On his way to the Nagasaki Atomic Bomb Museum to get inspiration for his next novel, Shusaku Endo was diverted to the smaller, almost hidden, Twenty-Six Martyrs Museum nearby. There he first saw the fumi-e (“trampling pictures”)—brazen images of Jesus hanging on the cross or of Mary with her iconic cucumber (perhaps Eastern-styled as a lotus), representing purity even in the midst of swampy filth.
The unswervingly Buddhist 17th-century Shogunate commissioned these brazen images specifically to be desecrated as a public sign of apostasy, and Japanese peasants would step (or trample “if you prefer a more florid reading”) on the fumi-e as proof that they posed no threat to the order and solidarity of Buddhist Japan.
If you are like most Christians, you have probably been led to believe two things about yourself when it comes to poetry:
- You don’t get it.
- You don’t like it.
In all likelihood, neither of these things is actually true. But believing them to be true hinders both your willingness to read and your capacity to understand and enjoy poetry.
In Part 1 of this two-parter (you can read it here), I talked about how the overwhelming majority of the pages in the Bible are devoted to showing the truth through narrative and poetry, over against telling the truth in expository teaching. There are two questions that arise from this—is it possible that God endorses different kinds of preachers and preaching than what we have become accustomed to in the contemporary church? And if so, what does that mean for the importance of the arts in, for, and from the church?
How Will They Hear Without a Preacher?
What does it mean to preach? Our first thought when we hear “preacher” is of someone behind a pulpit explaining some biblical truth. But is that the only way to preach? Again, going back to the Bible, it becomes clear that the biblical prophets and preachers employed a variety of methods in a variety of venues to deliver God’s message. Some of these methods seem quite unorthodox to the contemporary Christian: marrying a prostitute (Hosea 1:2), preaching naked (Isaiah 20:2), naming children (Isa. 7:3; 8:1–3), building a 450 ft. boat (Gen. 6:13ff; 2 Pet. 2:5), eating bread cooked over dung (Ezek. 4:12f), and various other acts of sacramental symbolism and prophetic theater.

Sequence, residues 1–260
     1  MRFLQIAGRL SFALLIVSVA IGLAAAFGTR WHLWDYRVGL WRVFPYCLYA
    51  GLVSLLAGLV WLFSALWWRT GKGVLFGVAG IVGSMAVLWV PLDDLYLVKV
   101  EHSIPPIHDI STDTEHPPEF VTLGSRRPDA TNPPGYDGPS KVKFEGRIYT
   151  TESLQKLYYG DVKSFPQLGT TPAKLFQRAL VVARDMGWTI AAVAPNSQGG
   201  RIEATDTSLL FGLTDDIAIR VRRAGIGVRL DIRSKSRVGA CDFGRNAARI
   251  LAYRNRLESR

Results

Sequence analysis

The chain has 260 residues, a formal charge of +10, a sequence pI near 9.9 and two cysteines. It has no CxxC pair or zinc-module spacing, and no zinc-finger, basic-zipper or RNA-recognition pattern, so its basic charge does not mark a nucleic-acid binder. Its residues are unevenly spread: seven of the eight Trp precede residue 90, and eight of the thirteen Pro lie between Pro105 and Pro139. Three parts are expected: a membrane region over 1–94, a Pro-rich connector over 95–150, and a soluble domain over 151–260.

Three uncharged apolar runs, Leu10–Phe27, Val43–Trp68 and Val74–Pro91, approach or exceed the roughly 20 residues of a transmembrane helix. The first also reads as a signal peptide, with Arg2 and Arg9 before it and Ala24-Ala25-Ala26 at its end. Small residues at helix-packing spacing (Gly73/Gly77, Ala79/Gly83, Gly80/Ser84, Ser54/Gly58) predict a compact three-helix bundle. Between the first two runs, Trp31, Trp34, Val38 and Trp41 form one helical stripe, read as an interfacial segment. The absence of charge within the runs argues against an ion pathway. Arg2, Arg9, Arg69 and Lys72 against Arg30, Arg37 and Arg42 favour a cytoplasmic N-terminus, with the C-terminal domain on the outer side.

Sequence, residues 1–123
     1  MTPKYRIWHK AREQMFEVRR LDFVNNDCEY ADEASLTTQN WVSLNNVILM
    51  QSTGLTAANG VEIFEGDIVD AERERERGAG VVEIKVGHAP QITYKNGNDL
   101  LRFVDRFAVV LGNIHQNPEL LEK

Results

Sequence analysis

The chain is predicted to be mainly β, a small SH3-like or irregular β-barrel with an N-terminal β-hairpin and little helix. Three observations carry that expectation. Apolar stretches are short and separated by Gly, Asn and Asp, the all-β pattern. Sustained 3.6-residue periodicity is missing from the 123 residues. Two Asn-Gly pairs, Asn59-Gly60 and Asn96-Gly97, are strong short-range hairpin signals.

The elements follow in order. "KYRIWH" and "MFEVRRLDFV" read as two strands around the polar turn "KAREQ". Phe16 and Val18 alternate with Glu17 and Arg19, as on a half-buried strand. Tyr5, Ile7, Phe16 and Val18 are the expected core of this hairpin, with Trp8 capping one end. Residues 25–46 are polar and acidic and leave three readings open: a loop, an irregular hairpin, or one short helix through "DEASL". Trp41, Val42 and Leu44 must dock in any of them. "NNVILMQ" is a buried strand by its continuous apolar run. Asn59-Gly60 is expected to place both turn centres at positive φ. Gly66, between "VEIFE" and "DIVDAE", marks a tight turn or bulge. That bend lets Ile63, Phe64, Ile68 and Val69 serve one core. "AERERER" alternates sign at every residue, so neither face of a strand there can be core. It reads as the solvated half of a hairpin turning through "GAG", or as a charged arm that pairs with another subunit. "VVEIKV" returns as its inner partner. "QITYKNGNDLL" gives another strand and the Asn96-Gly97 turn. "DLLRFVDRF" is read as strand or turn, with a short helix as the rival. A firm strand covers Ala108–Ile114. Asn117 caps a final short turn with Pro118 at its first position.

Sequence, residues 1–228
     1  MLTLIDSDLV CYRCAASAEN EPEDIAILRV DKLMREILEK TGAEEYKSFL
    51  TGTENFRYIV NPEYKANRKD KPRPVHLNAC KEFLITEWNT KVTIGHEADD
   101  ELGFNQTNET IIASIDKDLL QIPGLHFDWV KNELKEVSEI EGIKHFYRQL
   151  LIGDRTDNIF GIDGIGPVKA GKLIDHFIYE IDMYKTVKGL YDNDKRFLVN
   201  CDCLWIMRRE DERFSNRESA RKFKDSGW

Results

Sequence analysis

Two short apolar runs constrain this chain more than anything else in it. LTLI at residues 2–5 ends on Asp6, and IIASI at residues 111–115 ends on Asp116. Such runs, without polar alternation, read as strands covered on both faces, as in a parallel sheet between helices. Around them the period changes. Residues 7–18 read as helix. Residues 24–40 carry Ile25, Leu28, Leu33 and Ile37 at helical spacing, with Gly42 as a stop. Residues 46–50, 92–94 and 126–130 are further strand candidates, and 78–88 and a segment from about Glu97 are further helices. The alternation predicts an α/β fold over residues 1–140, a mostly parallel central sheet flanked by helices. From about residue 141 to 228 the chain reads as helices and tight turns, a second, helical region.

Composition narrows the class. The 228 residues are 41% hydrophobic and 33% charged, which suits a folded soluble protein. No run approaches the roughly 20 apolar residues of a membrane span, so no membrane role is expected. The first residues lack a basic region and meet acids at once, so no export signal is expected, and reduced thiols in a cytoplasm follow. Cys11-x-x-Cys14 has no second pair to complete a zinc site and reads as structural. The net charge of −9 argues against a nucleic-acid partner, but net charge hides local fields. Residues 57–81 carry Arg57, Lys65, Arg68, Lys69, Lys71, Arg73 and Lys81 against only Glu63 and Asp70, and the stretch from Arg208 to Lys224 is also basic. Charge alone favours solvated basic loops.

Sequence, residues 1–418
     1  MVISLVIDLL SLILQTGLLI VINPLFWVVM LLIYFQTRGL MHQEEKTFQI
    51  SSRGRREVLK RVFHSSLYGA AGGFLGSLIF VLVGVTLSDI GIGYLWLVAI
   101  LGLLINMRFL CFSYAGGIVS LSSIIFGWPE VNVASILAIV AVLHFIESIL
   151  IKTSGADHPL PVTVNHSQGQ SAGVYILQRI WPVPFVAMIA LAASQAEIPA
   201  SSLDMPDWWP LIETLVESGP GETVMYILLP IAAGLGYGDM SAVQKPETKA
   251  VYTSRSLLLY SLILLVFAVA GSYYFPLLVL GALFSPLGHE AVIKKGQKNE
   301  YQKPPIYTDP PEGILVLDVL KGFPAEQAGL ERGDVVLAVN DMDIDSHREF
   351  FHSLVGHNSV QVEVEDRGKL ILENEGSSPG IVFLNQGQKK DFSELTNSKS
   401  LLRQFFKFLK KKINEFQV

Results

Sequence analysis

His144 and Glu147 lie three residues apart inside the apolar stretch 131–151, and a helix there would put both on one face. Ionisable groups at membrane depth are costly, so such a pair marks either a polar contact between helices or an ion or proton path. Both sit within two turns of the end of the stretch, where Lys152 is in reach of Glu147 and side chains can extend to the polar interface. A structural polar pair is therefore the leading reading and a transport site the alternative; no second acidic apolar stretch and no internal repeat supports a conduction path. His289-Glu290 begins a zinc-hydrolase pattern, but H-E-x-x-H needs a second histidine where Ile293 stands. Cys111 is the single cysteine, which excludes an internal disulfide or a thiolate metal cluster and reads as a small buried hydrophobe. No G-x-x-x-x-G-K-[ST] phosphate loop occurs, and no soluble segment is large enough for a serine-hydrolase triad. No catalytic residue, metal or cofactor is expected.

“Why should I give money to support the arts? Why not give money to preachers or missionaries instead? After all, the most important Gospel work is preaching, isn’t it? As Paul says in Romans 10:14, ‘How will they hear without a preacher? It never says, ‘How will they hear without an artist?’ does it?”
During the Nehemiah Foundation’s nearly decade-long effort to renew the arts within the church, I have regularly heard some version of this objection. At first blush, it seems true and obvious, doesn’t it? If the Word of God is primary and fundamental to the work of the Gospel, then preaching the Word of God and explaining it in sermons must be fundamental and primary to the work of the church. Most people in the church believe that it’s okay to have the arts as an adornment for a Gospel message or as a harmless amusement, but they believe the real bulk of the church’s emphasis and resources should go to spreading Gospel sermons far and wide. They think explaining the Gospel in sermons is the most effective way to evangelize the world and edify the church, and “preaching” is therefore the most important and primary work of God’s people.
These days, calling someone amateur is an insult. If you’re an amateur, you don’t have the “skillz to pay the billz.” By amateur, we generally mean an inept know-nothing with no expertise—a hack.
But I want to rescue the label amateur from its current dishonor. It’s my opinion that the greatest potential in the arts today comes from amateurs. We need more of the amateur spirit, not less. What do I mean?